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Showing posts from August, 2017

About the Date Literal in Oracle Database

I offered up a past blog post on Twitter today: And I saw this reply: I am unfamiliar with this magical expression: DATE '2016-10-31'. How is this being resolved when it doesn't match the NLS date format? Which reminded me than many developers are not aware of the date Literal feature of both SQL andPL/SQL. So I figured I should give you all a bit more detail on the topic. So you are likely familiar with string literals, like 'ABC' and q'[don't need two single quotes]' .  And who isn't aware of using pretty much all the time number literals, like 123 and 2e7? Relatively few developers know that you can have a date literal, too (and timestamp literal and timestamp with local timezone literal and interval literals). Literals of these types generally have the form: TYPE string-literal where TYPE is the name of the  datatype  and string-literal is, well, you get the idea. :-) Here are some examples: 1. Date literal DATE '20

Do you REALLY need that SQL to be dynamic?

Dynamic SQL means a SQL statement that is constructed, parsed and executed "dynamically" at run time (vs. "statically" at compile time). It's very easy to write static SQL in PL/SQL program units (one of the great joys of working with this database programming language). It's also quite easy to implement dynamic SQL requirements in PL/SQL. But that doesn't mean you should . The bottom line regarding dynamic SQL is: Construct and execute SQL at runtime only when you have to. There are several good reasons to avoid unnecessary dynamic SQL: Security : dynamic SQL opens up the door to SQL injection, which can lead to data corruption and the leaking of sensitive data. Performance : while the overhead of executing dynamic SQL has gone way down over the years, it is certainly still faster to use static SQL. Maintainability : the code you write to support dynamic SQL is more - literally more code - and harder to understand and maintain. Sometime

Referencing package-level variables inside the package body

I received this question yesterday: Is there a shortcut for referencing package variables in the package body? In Java, as an example, you can use the "this" keyword as a reference to the current object. This came about as I needed to create a copy of a package for debug purposes and realized I had to rename all the references to the package name within the package body. Before I answer, let's look at an example of what Tony is talking about. I create a package specification and then a body with package-level variable (declared outside any subprogram of the package): CREATE OR REPLACE PACKAGE pkg AUTHID DEFINER IS PROCEDURE proc (n_in IN NUMBER); END; / CREATE OR REPLACE PACKAGE BODY pkg IS smallest NUMBER; PROCEDURE proc (n_in IN NUMBER) IS BEGIN IF n_in < pkg.smallest THEN DBMS_OUTPUT.put_line ('too small'); END IF; END; END; / Notice the line in blue and bold . I reference the package level variab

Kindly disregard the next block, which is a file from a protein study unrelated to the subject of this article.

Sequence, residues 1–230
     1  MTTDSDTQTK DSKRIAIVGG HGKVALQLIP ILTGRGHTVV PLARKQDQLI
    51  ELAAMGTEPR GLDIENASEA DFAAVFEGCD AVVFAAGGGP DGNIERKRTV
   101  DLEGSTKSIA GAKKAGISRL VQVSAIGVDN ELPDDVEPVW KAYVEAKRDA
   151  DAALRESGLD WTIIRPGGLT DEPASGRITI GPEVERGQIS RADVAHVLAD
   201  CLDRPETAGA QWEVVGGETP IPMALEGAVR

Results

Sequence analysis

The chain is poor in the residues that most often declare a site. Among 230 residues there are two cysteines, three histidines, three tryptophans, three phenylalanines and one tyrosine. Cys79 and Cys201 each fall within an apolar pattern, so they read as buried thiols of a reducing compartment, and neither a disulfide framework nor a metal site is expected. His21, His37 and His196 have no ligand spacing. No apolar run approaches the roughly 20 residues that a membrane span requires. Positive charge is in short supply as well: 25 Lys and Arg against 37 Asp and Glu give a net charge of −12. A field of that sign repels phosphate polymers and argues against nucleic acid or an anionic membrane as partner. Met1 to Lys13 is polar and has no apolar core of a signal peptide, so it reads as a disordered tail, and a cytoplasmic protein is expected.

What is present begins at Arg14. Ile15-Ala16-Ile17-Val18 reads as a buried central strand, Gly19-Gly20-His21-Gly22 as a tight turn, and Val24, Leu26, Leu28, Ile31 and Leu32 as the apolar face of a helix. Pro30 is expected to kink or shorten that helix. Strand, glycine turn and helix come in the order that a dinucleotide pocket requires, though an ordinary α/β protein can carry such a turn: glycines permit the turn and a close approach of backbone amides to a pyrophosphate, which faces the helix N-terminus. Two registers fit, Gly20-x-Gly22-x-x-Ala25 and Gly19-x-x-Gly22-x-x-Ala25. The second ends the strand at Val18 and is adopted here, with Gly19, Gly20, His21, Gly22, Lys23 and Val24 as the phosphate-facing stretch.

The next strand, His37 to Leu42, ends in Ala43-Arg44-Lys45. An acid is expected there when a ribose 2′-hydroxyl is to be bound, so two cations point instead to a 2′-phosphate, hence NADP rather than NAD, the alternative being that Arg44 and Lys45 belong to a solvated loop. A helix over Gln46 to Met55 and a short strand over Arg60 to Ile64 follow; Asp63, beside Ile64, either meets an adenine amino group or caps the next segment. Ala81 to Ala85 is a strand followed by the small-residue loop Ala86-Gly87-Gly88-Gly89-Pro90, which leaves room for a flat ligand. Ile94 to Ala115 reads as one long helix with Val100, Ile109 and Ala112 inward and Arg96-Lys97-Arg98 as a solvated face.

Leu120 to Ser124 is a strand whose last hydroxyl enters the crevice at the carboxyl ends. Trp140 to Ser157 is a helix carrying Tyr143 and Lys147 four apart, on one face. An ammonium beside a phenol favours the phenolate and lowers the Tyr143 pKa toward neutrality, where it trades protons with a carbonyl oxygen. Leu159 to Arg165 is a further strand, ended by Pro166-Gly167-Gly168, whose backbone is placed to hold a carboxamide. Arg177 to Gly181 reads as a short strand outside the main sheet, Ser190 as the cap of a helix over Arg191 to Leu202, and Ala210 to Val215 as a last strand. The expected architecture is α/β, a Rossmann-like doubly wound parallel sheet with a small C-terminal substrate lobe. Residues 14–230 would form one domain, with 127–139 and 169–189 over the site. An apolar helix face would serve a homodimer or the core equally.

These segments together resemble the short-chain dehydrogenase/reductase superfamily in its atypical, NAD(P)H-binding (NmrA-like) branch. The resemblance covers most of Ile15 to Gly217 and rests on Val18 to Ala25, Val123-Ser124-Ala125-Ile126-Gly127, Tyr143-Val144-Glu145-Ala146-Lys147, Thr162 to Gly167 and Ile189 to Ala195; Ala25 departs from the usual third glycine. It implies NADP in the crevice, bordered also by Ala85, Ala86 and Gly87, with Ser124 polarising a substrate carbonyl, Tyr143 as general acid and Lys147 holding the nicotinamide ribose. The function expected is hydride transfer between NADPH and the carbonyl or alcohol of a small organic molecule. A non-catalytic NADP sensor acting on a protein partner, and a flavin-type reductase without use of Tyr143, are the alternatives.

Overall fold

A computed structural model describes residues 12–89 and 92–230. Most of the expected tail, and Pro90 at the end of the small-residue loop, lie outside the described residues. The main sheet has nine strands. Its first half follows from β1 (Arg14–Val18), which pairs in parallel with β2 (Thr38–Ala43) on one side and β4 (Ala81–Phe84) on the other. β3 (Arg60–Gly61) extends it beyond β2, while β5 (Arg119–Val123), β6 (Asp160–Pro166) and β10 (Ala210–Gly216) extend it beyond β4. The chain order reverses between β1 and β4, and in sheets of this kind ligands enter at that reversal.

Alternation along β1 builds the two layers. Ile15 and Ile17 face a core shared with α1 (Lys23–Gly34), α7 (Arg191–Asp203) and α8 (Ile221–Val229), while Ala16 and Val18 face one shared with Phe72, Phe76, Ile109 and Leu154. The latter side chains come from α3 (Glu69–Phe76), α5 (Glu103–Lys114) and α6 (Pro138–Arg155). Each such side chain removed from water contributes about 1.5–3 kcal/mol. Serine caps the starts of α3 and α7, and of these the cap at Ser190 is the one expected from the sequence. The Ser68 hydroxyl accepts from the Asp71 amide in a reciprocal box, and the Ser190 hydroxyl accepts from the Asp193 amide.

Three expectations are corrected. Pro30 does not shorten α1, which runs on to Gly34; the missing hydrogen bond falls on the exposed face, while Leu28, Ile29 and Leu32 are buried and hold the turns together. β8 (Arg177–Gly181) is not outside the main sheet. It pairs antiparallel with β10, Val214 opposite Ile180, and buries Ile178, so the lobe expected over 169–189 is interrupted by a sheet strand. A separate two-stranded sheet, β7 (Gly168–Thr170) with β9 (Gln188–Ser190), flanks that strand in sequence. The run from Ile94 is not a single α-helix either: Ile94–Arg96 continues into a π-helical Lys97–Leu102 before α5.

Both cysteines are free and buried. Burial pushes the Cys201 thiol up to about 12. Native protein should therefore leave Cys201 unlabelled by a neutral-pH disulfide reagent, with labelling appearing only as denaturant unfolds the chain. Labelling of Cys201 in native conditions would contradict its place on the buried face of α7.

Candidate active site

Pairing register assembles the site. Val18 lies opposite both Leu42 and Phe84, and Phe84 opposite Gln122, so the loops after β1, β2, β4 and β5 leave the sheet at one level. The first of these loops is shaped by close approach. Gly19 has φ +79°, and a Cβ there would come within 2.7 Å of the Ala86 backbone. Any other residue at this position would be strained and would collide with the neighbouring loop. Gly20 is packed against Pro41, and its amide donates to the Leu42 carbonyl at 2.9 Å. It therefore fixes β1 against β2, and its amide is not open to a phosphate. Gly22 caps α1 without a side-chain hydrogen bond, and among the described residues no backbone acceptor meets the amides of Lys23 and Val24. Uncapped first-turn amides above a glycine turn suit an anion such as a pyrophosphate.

No subqueries allowed in materialized view? No problem!

Have you ever run into the following error when trying to create a materialized view? ORA-22818: subquery expressions not allowed here Yes, it is true: you cannot have a scalar subquery in the SQL statement used to create your materialized view. Here's an example of what won't work (note: I am not claiming this query makes any sense): CREATE MATERIALIZED VIEW hr_demo_mv AS SELECT employee_id, (SELECT MAX (hire_date) FROM employees ce) maxhd FROM employees t / ORA-22818: subquery expressions not allowed here 22818. 00000 - "subquery expressions not allowed here" *Cause: An attempt was made to use a subquery expression where these are not supported. *Action: Rewrite the statement without the subquery expression. Rewrite my query without the subquery expression? But I just spent an hour putting it all together. Works great. Gives me exactly the results I want and need. Rewrite it? ARGH. Calm yourself. While

Tightening security in your PL/SQL code with 12c new features, part 2

Oracle Database 12c offers several enhancements to improve security in your PL/SQL program units. These features include: Avoid privilege escalation: Use the INHERIT [ANY] PRIVILEGES privilege to make it impossible for a lower-privileged user to take advantage of a higher-privileged user via an invoker rights unit. I covered this topic here . Code-based access control: fine-tune access to database objects inside program units by  granting roles to program units ( doc ), rather than - or in addition to - roles granted to schemas. That's the topic for this post. Note: Oracle Magazine also offers this content (both blog posts) in a single article here . Securing your database – and properly restricting access to the data and data structures within your database – ranks at the very top of the "most important things to do" list when building applications. The best way to avoid unintended access or actions is to apply the "least privilege" principle: give a